How to fit mixture model for clustering

I have two variables - X and Y and I need to make cluster maximum (and optimal) = 5. Let's ideal plot of variables is like following: I would like to make 5 clusters of this. Something like this: Thus I think this is mixture model with 5 clusters. Each clusters have center point and a confidence circle around it.

The clusters are not always pretty like this, they look like the following, where sometime two clusters are close together or one or two clusters are completely missing.  How can fit mixture model and perform classification (clustering) in this situation effectively?

Example:

set.seed(1234)
X <- c(rnorm(200, 10, 3), rnorm(200, 25,3),
rnorm(200,35,3), rnorm(200,65, 3), rnorm(200,80,5))
Y <- c(rnorm(1000, 30, 2))
plot(X,Y, ylim = c(10, 60), pch = 19, col = "gray40")


Here is script for using mixture model using mcluster.

X <- c(rnorm(200, 10, 3), rnorm(200, 25,3), rnorm(200,35,3), rnorm(200,65, 3), rnorm(200,80,5))
Y <- c(rnorm(1000, 30, 2))
plot(X,Y, ylim = c(10, 60), pch = 19, col = "gray40")

require(mclust)
xyMclust <- Mclust(data.frame (X,Y))
plot(xyMclust)  In a situation where there are less than 5 clusters:

X1 <- c(rnorm(200, 10, 3), rnorm(200, 25,3), rnorm(200,35,3),  rnorm(200,80,5))
Y1 <- c(rnorm(800, 30, 2))
xyMclust <- Mclust(data.frame (X1,Y1))
plot(xyMclust) xyMclust4 <- Mclust(data.frame (X1,Y1), G=3)
plot(xyMclust4) In this case we are fitting 3 clusters. What if we fit 5 clusters ?

xyMclust4 <- Mclust(data.frame (X1,Y1), G=5)
plot(xyMclust4)


It can force to make 5 clusters. Also let's introduce some random noise:

X2 <- c(rnorm(200, 10, 3), rnorm(200, 25,3), rnorm(200,35,3),  rnorm(200,80,5), runif(50,1,100 ))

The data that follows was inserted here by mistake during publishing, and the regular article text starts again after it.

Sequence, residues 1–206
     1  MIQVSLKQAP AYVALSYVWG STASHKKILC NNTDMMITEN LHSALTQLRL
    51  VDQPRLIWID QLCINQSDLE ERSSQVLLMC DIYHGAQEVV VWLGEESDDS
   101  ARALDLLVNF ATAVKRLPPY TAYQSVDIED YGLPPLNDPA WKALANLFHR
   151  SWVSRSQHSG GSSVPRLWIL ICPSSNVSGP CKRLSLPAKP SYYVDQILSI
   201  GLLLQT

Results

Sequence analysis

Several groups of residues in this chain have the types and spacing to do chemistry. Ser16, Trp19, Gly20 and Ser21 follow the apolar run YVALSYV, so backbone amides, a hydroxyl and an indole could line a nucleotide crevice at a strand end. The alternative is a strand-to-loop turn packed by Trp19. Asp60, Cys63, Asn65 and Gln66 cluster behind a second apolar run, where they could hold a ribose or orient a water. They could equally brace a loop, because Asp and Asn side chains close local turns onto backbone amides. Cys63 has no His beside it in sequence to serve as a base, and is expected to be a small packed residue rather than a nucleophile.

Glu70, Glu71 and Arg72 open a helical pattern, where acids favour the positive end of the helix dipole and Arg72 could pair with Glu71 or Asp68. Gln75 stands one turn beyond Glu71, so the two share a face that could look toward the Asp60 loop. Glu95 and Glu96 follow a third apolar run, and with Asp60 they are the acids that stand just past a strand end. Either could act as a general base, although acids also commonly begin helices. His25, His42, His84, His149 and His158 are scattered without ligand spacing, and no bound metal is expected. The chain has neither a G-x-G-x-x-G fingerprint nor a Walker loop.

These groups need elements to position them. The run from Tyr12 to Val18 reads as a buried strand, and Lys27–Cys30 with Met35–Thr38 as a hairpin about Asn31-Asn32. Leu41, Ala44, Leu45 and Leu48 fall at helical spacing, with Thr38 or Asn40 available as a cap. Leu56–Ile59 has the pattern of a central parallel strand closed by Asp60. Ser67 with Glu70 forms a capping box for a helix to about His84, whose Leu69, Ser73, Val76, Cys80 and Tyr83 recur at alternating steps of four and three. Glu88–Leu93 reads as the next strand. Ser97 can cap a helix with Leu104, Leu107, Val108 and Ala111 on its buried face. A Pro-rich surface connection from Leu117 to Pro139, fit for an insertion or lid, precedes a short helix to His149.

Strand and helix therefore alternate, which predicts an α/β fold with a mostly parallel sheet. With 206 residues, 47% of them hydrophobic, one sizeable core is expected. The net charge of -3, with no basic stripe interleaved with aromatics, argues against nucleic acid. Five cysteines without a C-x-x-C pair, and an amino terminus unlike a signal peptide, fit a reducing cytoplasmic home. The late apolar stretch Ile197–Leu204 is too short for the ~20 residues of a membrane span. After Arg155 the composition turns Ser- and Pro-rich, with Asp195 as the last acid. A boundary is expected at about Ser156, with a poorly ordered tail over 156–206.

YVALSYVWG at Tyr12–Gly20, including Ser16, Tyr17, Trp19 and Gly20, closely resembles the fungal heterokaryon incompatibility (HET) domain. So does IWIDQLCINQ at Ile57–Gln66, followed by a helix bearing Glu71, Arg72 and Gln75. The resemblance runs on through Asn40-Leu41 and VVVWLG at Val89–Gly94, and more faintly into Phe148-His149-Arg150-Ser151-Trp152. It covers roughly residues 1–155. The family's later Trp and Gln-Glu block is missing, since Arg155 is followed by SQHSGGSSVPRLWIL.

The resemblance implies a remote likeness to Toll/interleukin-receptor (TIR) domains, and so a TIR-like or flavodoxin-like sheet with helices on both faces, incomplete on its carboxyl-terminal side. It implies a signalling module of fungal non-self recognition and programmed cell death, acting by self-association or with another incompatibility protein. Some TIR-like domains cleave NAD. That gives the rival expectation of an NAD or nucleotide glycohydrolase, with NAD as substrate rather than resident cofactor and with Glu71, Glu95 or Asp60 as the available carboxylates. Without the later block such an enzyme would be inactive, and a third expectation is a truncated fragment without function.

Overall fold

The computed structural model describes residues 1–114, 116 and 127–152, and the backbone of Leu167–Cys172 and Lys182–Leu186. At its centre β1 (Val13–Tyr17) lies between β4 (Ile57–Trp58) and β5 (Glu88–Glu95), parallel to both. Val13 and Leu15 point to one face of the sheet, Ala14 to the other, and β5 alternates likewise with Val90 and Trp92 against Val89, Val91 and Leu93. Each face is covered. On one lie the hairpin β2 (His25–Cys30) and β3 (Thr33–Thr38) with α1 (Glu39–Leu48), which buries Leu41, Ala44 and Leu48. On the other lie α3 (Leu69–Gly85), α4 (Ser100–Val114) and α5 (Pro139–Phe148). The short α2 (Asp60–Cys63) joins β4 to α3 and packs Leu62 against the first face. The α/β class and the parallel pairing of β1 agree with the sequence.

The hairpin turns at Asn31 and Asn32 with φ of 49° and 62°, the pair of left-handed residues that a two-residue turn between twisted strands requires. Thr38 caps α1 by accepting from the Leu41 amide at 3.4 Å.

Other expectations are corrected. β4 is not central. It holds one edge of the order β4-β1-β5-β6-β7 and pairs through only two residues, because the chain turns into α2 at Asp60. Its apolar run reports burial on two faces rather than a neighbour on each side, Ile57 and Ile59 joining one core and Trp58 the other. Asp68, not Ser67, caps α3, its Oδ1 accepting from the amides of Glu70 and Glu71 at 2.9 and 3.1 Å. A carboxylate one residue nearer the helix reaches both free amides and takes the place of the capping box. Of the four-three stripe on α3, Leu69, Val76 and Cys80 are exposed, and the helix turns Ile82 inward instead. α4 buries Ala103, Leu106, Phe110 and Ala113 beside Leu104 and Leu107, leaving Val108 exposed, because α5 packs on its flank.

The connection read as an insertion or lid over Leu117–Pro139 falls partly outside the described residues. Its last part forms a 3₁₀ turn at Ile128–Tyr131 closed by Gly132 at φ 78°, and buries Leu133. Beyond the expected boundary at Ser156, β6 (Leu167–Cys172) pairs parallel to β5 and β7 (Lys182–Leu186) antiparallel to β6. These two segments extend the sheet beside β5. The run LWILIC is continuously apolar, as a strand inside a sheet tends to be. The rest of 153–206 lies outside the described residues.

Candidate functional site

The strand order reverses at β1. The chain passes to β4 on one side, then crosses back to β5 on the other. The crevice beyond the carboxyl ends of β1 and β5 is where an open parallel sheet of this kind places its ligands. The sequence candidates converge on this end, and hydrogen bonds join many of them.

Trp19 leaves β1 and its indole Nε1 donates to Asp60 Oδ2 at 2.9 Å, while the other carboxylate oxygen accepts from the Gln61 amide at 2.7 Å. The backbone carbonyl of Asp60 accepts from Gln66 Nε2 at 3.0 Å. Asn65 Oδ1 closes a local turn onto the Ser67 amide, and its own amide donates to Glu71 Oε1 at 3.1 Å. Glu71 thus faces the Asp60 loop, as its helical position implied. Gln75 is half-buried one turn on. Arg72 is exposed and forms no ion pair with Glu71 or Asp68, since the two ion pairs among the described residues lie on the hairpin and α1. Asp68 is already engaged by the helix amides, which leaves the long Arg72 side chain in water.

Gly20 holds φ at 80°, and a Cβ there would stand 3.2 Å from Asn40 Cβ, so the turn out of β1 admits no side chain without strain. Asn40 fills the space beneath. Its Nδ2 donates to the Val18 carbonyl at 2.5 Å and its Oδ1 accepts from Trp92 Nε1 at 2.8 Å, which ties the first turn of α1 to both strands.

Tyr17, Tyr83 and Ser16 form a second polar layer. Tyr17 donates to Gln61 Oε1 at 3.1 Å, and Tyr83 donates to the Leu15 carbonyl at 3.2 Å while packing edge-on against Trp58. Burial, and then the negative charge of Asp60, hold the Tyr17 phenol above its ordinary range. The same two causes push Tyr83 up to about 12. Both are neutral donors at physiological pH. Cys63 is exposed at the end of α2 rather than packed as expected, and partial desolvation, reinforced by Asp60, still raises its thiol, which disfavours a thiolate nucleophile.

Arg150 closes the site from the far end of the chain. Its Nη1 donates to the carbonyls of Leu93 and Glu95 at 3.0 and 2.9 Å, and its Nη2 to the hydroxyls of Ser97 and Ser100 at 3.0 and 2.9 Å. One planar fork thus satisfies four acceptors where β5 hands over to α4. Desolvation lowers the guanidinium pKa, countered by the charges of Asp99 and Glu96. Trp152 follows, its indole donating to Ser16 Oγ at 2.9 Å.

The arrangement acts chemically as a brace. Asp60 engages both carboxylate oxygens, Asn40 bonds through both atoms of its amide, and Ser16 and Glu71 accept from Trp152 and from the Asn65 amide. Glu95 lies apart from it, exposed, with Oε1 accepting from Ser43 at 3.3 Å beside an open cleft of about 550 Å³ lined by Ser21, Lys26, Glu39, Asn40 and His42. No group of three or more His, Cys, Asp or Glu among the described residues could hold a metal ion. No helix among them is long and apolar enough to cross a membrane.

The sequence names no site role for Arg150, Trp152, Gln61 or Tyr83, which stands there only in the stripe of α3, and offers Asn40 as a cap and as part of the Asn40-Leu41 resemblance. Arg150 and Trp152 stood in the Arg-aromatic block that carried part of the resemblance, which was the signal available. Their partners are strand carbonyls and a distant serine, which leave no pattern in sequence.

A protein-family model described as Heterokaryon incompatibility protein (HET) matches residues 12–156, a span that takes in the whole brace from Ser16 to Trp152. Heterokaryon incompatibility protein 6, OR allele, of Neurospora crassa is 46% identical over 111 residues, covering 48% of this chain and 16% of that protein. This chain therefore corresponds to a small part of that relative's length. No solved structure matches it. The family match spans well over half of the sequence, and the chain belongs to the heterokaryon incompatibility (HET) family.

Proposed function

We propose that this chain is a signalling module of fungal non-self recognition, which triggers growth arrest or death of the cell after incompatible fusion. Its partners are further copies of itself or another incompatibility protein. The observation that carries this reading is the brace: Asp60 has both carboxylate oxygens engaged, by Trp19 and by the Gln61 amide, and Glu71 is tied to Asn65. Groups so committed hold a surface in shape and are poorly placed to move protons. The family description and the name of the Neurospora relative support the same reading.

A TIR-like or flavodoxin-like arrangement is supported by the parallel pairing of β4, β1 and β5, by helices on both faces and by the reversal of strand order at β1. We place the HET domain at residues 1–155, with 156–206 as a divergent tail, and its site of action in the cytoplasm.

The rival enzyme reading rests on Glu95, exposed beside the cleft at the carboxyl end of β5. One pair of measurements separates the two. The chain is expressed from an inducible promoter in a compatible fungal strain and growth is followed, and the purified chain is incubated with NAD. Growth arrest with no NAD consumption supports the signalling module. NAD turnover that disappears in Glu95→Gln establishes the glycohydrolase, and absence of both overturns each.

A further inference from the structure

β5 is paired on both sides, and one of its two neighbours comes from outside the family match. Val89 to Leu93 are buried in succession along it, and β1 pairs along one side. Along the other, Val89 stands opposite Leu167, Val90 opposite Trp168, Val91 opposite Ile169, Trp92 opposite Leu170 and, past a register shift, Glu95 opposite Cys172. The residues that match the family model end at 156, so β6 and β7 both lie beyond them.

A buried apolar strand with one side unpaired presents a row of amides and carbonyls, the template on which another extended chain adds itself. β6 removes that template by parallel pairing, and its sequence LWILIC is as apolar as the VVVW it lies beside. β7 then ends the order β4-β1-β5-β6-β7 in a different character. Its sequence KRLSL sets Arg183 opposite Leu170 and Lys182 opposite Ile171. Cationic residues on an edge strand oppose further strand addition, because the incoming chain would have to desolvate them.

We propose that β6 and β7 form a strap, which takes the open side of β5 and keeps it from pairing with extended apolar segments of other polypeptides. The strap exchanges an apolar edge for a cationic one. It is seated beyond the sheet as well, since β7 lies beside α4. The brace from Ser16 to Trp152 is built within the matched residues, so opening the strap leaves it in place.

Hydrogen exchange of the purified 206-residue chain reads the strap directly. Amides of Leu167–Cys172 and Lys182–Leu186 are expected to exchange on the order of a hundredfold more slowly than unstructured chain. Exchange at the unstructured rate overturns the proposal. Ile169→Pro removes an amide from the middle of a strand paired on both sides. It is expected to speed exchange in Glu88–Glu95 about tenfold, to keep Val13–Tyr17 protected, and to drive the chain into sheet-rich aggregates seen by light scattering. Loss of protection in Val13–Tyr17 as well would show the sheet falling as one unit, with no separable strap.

Y2 <- c(rnorm(850, 30, 2))
xyMclust1 <- Mclust(data.frame (X2,Y2))
plot(xyMclust1)


mclust allows model-based clustering with noise, namely outlying observations that do not belong to any cluster. mclust allows to specify a prior distribution to regularize the fit to the data. A function priorControl is provided in mclust for specifying the prior and its parameters. When called with its defaults, it invokes another function called defaultPrior which can serve as a template for specifying alternative priors. To include noise in the modeling, an initial guess of the noise observations must be supplied via the noise component of the initialization argument in Mclust or mclustBIC. The other alternative would be to use mixtools package that allows you to specify mean and sigma for each components.

X2 <- c(rnorm(200, 10, 3), rnorm(200, 25,3), rnorm(200,35,3),
rnorm(200,80,5), rpois(50,30))
Y2 <- c(rnorm(800, 30, 2), rpois(50,30))
df <- cbind (X2, Y2)
require(mixtools)
out <- mvnormalmixEM(df, lambda = NULL, mu = NULL, sigma = NULL,
k = 5,arbmean = TRUE, arbvar = TRUE, epsilon = 1e-08,  maxit = 10000, verb = FALSE)
plot(out, density = TRUE, alpha = c(0.01, 0.05, 0.10, 0.12, 0.15),  marginal = TRUE) • +1 This answer is very useful, usable, and succinct, and a perfect example of how it is almost too easy to do things like this in R without even knowing the mathematics behind it... – Paul Mar 28 '17 at 15:57

One standard approach is Gaussian Mixture Models which is trained by means of the EM algorithm. But since you also notice that the number of clusters may vary, you may also consider a nonparametric model like the Dirichlet GMM which is also implemented in scikit-learn.

In R, these two packages seem to offer that what you need,